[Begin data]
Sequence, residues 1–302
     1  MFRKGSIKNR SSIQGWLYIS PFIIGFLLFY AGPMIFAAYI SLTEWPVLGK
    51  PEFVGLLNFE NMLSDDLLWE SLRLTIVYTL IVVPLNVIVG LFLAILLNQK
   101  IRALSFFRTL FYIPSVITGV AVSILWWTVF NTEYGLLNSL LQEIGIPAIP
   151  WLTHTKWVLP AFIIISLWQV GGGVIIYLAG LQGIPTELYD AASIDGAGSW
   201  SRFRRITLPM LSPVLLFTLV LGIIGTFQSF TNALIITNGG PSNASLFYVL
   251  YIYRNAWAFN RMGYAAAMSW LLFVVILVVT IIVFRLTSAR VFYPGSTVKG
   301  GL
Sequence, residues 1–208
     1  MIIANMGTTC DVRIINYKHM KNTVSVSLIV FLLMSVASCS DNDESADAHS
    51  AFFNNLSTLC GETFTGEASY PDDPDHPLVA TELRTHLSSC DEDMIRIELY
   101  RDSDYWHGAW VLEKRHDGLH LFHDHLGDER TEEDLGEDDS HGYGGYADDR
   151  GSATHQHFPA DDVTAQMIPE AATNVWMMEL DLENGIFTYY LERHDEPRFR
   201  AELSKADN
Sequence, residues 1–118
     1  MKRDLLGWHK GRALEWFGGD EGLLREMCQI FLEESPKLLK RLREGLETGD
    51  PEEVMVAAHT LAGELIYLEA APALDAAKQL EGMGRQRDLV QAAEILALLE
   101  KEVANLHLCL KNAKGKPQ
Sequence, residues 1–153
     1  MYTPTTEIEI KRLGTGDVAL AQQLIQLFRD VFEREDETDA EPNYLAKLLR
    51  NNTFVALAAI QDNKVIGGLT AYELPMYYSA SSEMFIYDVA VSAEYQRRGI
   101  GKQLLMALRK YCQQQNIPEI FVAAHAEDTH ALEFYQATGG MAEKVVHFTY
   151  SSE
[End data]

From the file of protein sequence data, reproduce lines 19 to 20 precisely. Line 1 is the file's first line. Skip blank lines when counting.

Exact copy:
Sequence, residues 1–153
     1  MYTPTTEIEI KRLGTGDVAL AQQLIQLFRD VFEREDETDA EPNYLAKLLR